California’s culture wars escalated Monday as the state sued a school district over its transgender student policy, and a parents’ group took the first step toward placing a trio of initiatives on next year’s ballot that would restrict protections for transgender youth.
The moves follow highly publicized incidents last month in which state leaders attempted to rein in school boards they said had run afoul of civil rights laws. Under California’s local control system, school boards have wide latitude to enact their own policies — a freedom that’s now being tested as a handful of districts move to expand parental rights by limiting the rights of LGBTQ students.
Monday morning, Attorney General Rob Bonta filed a complaint against the Chino Valley Unified School District in San Bernardino County over its new policy requiring parental notification when students change their gender identity at school.
The complaint, filed in San Bernardino County Superior Court, seeks a temporary restraining order against enforcement of the policy, which Bonta referred to as the “forced outing” of transgender and gender nonconforming students, while the court determines whether it violates state law.
“It presents students with a terrible choice,” the attorney general said at a news conference in Los Angeles.
“Either walk back your rights to gender identity and gender expression, to be yourself, to be who you are, or face the risk of serious harm. Mental harm, emotional harm, physical harm.”
The policy requires schools to notify parents when students request to be identified by a name or pronoun, or use facilities or participate in a program that does not align with the sex on their official records. Parents would be notified even if they do not have the student’s permission.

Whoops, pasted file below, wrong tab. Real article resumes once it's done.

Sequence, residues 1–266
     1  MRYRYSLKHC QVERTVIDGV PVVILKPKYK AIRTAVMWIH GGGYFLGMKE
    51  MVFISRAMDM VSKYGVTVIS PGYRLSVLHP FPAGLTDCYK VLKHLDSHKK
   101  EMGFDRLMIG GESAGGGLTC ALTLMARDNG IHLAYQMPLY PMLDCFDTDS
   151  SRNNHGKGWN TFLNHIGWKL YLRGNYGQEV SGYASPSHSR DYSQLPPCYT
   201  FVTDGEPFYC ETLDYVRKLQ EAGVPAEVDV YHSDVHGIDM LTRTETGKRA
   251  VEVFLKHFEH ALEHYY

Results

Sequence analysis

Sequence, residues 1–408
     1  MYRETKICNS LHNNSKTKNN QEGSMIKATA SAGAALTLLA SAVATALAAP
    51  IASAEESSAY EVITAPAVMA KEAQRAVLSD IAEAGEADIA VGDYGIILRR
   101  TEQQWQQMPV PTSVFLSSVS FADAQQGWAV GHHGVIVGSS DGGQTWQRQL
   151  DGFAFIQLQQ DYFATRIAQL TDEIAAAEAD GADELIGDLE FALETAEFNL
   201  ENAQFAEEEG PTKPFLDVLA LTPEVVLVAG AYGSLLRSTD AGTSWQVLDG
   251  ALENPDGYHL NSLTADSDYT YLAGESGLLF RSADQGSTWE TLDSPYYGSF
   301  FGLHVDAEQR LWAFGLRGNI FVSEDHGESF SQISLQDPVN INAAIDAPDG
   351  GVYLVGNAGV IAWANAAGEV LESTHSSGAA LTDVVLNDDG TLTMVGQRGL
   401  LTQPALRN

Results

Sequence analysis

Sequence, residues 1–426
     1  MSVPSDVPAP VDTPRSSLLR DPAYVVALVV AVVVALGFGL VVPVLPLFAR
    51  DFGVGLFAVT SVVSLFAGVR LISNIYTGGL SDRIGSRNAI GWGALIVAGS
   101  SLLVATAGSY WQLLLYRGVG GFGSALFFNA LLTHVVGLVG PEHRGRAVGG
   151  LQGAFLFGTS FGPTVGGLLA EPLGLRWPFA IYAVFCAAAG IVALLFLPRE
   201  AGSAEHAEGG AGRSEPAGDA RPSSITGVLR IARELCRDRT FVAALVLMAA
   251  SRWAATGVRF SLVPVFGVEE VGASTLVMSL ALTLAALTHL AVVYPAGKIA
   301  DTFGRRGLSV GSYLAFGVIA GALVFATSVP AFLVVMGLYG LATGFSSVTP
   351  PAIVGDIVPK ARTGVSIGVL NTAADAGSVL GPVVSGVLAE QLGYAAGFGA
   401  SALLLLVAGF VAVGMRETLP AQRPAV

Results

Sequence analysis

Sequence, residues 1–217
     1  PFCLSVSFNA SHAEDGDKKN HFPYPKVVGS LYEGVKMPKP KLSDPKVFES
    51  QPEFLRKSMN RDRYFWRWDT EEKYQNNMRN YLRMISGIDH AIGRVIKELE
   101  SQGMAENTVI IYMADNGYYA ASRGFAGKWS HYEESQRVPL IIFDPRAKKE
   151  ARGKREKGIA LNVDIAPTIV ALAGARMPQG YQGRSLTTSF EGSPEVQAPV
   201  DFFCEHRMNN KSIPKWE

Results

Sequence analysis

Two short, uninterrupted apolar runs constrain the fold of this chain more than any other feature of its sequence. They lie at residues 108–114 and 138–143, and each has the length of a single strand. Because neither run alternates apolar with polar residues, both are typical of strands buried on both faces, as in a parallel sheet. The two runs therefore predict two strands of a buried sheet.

Bonta said this could potentially put students with parents hostile to their gender expression in danger. He argued that the policy violates California’s constitutional right to privacy, as well as the state’s equal protection clause and state laws that guarantee students the equal right to an education regardless of their gender identity.
Citing comments from school board members who said transgender students were suffering from a mental illness and a perversion, Bonta said the policy was plainly discriminatory.
“In its function, in its text and in its context, this policy is destructive, it’s discriminatory and it is downright dangerous,” Bonta said. “It has no place in California, which is why we have moved in court to strike it down.”
Sonja Shaw, Chino Valley’s school board president, was undaunted by the lawsuit, and said the district’s policy is legally sound.
“This is a desperate attempt to stop us, and quite honestly, it’s embarrassing that Bonta is wasting so much time and money on this,” Shaw said Monday. “Every time he does something like this, it’s a gift, because it exposes who these people really are — extremists who want to come between students and their parents.”
At a boisterous meeting July 20, the Chino Valley Unified board voted 4-1 to pass the policy requiring school staff to notify parents within three days of discovering that a child has changed their gender identity. That could include changing their name or pronouns, joining a single-sex team or club or using bathrooms or locker rooms that don’t align with their gender at birth.
State Superintendent of Public Instruction Tony Thurmond attended the meeting to protest the policy, but police escorted him out when he spoke longer than his allotted time.
Andi Johnston, Chino Valley Unified communications director, said that the district’s policy does actually include protections for students who might be at risk for abuse from parents. If a student believes they are in danger or may be abused, injured or neglected due to their parents knowing of their preferred gender identity, staff must notify police or child protective services and won’t immediately notify parents.